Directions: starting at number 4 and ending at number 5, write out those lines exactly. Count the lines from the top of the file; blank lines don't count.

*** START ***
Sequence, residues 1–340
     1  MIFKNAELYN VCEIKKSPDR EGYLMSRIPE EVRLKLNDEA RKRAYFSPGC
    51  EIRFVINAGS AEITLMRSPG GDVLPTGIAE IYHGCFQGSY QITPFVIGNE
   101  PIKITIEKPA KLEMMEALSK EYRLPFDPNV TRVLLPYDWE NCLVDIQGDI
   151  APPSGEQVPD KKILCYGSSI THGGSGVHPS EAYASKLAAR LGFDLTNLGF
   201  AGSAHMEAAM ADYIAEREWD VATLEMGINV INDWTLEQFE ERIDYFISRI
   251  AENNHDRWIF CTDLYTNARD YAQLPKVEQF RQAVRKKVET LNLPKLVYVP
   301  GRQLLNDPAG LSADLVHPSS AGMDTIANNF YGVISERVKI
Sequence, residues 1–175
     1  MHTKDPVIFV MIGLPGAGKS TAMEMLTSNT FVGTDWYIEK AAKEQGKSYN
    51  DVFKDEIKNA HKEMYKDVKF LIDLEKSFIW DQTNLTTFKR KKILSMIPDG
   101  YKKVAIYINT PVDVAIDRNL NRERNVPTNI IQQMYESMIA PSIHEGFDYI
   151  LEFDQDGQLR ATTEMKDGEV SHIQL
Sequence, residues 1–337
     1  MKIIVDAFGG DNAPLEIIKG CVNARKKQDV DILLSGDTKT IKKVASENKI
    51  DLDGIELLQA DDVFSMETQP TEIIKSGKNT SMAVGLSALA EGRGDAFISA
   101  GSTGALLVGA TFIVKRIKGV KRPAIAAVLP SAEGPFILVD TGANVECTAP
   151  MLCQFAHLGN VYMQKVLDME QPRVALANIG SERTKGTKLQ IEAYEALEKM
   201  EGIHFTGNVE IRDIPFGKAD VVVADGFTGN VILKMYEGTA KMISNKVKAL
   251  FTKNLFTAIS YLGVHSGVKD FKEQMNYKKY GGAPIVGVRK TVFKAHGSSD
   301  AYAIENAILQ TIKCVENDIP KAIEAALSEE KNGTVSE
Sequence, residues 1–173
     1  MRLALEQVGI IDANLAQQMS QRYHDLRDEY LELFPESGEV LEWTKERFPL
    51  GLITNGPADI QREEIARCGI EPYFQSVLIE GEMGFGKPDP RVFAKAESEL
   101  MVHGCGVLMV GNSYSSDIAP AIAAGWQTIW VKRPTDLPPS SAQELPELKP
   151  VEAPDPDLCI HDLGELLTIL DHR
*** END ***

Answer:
   101  PIKITIEKPA KLEMMEALSK EYRLPFDPNV TRVLLPYDWE NCLVDIQGDI
   151  APPSGEQVPD KKILCYGSSI THGGSGVHPS EAYASKLAAR LGFDLTNLGF